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Response to Review no. 620

I would like to thank Professor Clarence-Smith for his thoughtful and detailed review of The Social Life of Coffee. It is particularly gratifying to notice that the book has attracted the interests of scholars beyond my primary field of study, early modern Britain, and if the book manages to succeed in opening up further dialogue between historians in fields that have all too often remained in isolation from one another, then it will have succeeded in its desire to add greater detail and sophistication to our understanding of the introduction of coffee to early modern Britain. The review raises a number of important themes addressed by the book and I would like to take the chance to address three of them here: the general problems inherent in writing a cultural history of commodity consumption; the rather specific problems raised by the book’s argument for the importance of early modern virtuoso culture in shaping the reception of coffee in Britain; and finally the difficulties posed by writing ‘global history’ in an era of ever more specialized historical discourse (1).

Professor Clarence-Smith is right to observe that The Social Life of Coffee sees anachronism and teleology as major obstacles to understanding how a new and hitherto unknown commodity such as coffee could have been successfully introduced into seventeenth-century British consumption habits. In doing so, it seeks to problematize what has all too often been taken for granted: the rise of coffee drinking and coffeehouse sociability. The book attempts a cultural history of coffee consumption in which the views of contemporaries themselves in favour of the coffee drink are privileged. This explains the extended treatment given to the supposed medicinal properties and the discourses of sobriety that were attributed to the drink by its first early-modern consumers.

I would not want to dismiss the psychoactive and addictive properties of coffee, and the argument does take these matters into account even if tends to privilege the importance of cultural factors. ‘Culture’ cannot entirely trump nature: the more powerful psychoactive properties of some of the other commodities discussed in the book, such as opium and cannabis, precluded the emergence of a discourse of sobriety in association with them while the stimulant properties of coffee surely enabled them. The book does argue that a truly satisfactory account of the rise of coffee consumption cannot ignore the cultural associations that shaped consumers’ own understandings of the commodity.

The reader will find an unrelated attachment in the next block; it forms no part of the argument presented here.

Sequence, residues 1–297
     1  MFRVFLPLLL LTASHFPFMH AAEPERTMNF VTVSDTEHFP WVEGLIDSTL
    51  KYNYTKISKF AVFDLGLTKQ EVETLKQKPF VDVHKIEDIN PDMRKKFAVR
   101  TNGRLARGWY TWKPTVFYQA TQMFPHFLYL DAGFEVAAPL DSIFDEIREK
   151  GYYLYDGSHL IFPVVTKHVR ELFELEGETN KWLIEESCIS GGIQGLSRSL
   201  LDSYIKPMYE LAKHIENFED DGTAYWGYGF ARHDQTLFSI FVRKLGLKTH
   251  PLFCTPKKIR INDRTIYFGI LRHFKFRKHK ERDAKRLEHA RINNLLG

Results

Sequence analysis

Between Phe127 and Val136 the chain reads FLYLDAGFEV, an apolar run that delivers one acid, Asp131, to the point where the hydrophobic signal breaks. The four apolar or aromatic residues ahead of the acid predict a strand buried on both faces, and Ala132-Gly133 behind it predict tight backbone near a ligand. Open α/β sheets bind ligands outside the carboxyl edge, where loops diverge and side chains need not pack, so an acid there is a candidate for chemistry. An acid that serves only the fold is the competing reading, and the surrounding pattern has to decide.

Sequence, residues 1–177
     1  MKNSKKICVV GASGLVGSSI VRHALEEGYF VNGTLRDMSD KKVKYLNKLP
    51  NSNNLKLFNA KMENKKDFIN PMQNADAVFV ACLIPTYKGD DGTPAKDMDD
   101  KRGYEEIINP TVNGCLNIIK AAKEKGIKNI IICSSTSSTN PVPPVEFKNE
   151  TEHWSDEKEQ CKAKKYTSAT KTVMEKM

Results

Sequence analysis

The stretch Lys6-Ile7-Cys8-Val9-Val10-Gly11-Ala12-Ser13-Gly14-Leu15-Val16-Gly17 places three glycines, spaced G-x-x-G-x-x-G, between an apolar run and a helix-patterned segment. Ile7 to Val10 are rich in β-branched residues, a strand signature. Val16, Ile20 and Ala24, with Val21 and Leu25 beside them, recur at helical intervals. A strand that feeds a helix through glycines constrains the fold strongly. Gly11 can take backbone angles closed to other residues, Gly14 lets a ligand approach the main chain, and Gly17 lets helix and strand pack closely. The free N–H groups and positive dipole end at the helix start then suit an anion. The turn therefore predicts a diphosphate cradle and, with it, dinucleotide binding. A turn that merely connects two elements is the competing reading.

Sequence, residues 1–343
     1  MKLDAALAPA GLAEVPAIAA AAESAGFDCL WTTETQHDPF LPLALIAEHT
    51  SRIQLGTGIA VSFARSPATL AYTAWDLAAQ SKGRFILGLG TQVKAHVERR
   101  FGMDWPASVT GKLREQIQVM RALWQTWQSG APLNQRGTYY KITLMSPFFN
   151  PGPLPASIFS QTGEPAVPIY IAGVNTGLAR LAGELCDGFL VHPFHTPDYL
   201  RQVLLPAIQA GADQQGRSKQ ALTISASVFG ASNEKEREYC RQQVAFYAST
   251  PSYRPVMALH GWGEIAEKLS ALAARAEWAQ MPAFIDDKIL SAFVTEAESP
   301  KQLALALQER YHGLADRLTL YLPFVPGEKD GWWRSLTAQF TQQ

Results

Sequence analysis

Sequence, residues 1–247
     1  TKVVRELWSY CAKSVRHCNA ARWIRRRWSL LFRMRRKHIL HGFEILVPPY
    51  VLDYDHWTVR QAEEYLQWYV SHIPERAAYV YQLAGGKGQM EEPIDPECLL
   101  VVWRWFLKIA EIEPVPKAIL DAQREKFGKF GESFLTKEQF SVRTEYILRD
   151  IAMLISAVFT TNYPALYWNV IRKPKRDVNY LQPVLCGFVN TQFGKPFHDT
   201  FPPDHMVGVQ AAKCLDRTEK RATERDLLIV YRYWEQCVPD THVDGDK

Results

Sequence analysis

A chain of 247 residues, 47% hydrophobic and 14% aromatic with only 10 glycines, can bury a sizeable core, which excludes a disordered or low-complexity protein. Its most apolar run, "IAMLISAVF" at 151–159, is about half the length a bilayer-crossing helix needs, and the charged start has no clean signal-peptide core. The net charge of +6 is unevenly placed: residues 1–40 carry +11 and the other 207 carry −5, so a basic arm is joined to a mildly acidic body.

Hence the reason for the extended discussion of virtuoso culture. The role of virtuosity in legitimating early modern coffee culture is perhaps one of the more original and controversial aspects of the book’s argument. Further work on the impact of the culture of curiosity on early modern consumer culture is still needed, although Linda Levy Peck’s Consuming Splendor: Society and Culture in Seventeenth Century England (Cambridge, 2005) now offers further useful information on the topic. Despite its emphasis on the decisive role played by the virtuosi in shaping the reception of coffee, the argument of the book takes some care to avoid claiming that virtuosity was the only factor that accounted for coffee’s success. The roles of overseas merchant traders and metropolitan retailers are also discussed and it is suggested that they played a role in transforming virtuoso culture itself. Cultural history rarely allows for monocausal arguments and I have tried to account for the ways in which all of the various cultural factors that played a role in shaping the perception of coffee in early modern society interacted with one another.

In conclusion, I would like to thank Professor Clarence-Smith for his numerous suggestions for further research and for a number of his corrections and suggestions for further bibliographic references. There seems to be a growing desire amongst historians in many fields today to adopt a more globally aware approach to their endeavours. Yet to do this properly will require a different kind of training beyond the national and regional specializations still currently offered by most departments of history. A complete account of the history of early modern coffee would require a knowledge of the European, Asian, African, North American, and Pacific history that would strain the competence of even the most wide-ranging and ambitious scholar and it may be that the best way to accomplish such a goal would be through the collaborative team grants that are now often funded by humanities research councils such as Britain’s AHRC or Canada’s SSHRC. A new ‘global history’ may well require new ways of conceptualizing, researching and writing that history in the twenty-first century.


  1. I have reviewed the recent historiography of the British coffeehouse in an article for the journal History Compass and would direct readers there for a more detailed consideration of the topic. See: ‘Publicity and Privacy in the History of the British Coffeehouse’, History Compass, 5:4 (July 2007), 1180-1213; doi: 10.1111/j.1478-0542.2007.00440.x. Back to (1)